A visitor standing upon one of the many majestic peaks in the area of the proposed park is thrilled by a panoramic view that cannot be had elswwhere [sic] in the South Central States. With cheeks flushed by the invigorating mountain beezes, the mountain climber is rewarded by an inspring [sic] view of countless and nameless peaks, mountain groups, dense forests, and inviting valleys, all merging into the distant horizon. ... there are many mountain streams, now moving slowly in narrow but deep pools, then churning with savage ferocity down some water-worn precipice, leaving in its wake snow-white sprays ... Fed by crystal springs and like so much molten silver these streams flow their turbulent courses unappreciated and rarely visited. ...[4]

Features[edit]

The Forest contains extensive woodlands of stunted Northern Red Oak, White Oak, Post Oak, and Blackjack Oak at elevations over 2,500 feet (760 m) and on steep, dry slopes.[5] These woodlands, of little commercial value, were never logged and the extent of old growth forest within them may total nearly 800,000 acres (3,200 km2).[5] There are also old-growth woodlands of Eastern Redcedar, Gum Bumelia, Winged Elm, and Yaupon along some streams.[5]

Two wilderness areas are found in the forest, protecting the sections of the forest that have had the least amount of human intervention. The 13,139-acre (53.2 km2) Black Fork Mountain Wilderness is located in both Arkansas and Oklahoma and contains significant old-growth forests.[5] The 9,754-acre (39.5 km2) Upper Kiamichi River Wilderness is located solely in Oklahoma.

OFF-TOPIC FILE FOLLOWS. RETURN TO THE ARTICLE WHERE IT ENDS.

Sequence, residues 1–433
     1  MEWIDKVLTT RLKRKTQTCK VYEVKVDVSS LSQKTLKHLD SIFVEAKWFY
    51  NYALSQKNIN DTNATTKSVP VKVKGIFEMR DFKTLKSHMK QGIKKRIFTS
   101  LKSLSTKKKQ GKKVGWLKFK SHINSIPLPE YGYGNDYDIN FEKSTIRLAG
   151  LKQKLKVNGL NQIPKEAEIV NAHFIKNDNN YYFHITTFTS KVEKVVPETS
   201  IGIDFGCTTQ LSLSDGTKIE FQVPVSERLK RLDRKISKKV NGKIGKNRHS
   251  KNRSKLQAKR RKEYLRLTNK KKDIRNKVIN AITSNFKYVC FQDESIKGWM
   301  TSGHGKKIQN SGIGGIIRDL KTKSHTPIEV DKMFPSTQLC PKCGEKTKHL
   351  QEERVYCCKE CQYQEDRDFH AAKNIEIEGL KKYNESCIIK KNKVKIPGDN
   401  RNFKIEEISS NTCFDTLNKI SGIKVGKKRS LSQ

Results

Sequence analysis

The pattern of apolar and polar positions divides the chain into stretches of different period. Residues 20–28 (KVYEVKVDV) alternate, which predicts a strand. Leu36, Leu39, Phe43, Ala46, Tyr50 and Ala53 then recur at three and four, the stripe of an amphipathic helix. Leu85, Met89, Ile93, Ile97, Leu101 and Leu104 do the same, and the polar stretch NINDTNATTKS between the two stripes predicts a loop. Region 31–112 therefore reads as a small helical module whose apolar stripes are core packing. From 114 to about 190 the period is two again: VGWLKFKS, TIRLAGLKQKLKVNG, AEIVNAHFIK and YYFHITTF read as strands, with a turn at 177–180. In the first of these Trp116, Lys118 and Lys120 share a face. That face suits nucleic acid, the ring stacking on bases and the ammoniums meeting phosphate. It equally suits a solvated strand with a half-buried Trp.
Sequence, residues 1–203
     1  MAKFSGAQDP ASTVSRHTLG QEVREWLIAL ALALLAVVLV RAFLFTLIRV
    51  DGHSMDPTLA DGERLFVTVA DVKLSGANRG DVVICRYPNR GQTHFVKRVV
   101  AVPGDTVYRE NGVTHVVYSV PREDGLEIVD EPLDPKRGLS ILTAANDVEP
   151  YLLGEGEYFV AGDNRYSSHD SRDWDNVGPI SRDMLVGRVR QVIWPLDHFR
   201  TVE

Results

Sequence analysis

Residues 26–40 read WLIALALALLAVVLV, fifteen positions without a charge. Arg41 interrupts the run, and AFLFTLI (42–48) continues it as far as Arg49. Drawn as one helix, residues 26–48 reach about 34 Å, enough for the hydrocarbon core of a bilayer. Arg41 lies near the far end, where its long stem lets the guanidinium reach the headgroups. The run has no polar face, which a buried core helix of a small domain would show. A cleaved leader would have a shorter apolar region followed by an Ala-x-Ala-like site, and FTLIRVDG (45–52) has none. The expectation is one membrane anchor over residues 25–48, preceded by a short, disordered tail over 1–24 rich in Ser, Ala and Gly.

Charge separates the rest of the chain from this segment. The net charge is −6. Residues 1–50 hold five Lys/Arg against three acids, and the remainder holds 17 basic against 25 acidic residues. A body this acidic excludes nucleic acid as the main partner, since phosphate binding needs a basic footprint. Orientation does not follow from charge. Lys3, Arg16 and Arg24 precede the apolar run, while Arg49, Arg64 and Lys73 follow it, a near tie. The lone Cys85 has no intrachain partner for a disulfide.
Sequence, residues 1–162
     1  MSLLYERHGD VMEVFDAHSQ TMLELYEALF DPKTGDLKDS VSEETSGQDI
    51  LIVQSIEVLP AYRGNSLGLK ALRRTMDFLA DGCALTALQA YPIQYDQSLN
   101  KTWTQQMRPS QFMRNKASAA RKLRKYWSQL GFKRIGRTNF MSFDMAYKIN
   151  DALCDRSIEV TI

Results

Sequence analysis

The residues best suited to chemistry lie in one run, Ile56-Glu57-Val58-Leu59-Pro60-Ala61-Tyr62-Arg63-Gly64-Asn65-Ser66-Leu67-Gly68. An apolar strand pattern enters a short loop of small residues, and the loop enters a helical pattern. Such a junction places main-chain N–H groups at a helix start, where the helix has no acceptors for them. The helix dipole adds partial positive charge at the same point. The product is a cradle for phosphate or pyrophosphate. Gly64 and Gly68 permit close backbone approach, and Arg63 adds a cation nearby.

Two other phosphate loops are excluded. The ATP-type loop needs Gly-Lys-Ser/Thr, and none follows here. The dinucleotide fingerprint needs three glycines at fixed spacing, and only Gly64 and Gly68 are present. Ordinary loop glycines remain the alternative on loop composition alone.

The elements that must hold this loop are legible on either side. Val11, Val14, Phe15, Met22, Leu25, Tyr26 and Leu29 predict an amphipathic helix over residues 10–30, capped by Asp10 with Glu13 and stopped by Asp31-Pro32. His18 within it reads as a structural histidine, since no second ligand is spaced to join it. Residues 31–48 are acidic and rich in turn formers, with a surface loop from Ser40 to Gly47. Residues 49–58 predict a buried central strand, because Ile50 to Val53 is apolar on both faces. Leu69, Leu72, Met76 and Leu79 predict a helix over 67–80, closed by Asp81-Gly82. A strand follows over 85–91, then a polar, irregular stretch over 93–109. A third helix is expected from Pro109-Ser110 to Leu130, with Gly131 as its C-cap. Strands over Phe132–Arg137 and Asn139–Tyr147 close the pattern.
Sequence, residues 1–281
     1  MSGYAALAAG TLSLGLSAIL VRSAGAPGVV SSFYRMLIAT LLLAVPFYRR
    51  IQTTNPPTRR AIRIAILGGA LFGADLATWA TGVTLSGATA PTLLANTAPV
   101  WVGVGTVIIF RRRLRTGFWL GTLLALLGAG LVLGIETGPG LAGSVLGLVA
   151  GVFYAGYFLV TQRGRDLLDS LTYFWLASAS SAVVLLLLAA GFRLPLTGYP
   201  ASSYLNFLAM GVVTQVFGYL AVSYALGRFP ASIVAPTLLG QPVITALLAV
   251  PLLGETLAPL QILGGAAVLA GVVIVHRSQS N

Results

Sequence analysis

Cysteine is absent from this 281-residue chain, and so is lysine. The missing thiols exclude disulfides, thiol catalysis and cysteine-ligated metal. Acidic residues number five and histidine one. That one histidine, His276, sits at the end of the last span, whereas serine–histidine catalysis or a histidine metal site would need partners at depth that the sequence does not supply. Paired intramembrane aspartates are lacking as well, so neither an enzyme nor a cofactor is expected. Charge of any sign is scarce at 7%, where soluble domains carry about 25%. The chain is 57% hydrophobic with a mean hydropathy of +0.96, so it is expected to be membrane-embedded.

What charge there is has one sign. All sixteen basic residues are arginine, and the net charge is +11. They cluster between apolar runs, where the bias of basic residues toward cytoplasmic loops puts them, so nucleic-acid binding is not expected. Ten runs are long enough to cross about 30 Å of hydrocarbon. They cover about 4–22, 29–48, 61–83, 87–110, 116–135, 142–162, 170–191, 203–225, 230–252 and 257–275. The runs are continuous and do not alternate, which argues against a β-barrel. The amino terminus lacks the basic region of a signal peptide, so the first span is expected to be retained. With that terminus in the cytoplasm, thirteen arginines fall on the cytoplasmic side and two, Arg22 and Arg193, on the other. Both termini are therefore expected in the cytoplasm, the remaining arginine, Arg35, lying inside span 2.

The Talimena Scenic Drive, which is Highway 1 in Oklahoma and Highway 88 in Arkansas, is a National Scenic Byway which meanders through the forest providing amazing vistas and excellent photo opportunities. The Scenic Drive passes through old-growth oak woodlands on Winding Stair and Rich Mountains.[5] Forest headquarters are located in Hot Springs, Arkansas.

Recreation[edit]

The forest contains a number of hiking, mountain biking, and horseback riding trails. The most extensive hiking trail is the Ouachita National Recreation Trail, which traverses 223 miles (359 km) across the region. This is a well-maintained backpacking, hiking trail with overnight shelters in several portions of the trail. Mountain biking is also allowed for some sections of the trail.

In the Oklahoma section of the forest the 26,445-acre (107 km2) Winding Stair Mountain National Recreation Area and six other designated areas offer visitors a full range of activities with more than 150 campsites, a 90-acre (36 ha) lake, and an equestrian camp.

Southeast of Idabel, the Oklahoma Department of Wildlife Conservation manages the Red Slough Wildlife Mananagement Area, a 5,814 acres (23.53 km2) wetland area donated to the USFS by The Conservation Fund in the late 1990s and early 2000s. Hunting (no lead shot) and fishing are allowed there. The area is also a destination for birdwatchers from throughout the United States and the United Kingdom as well.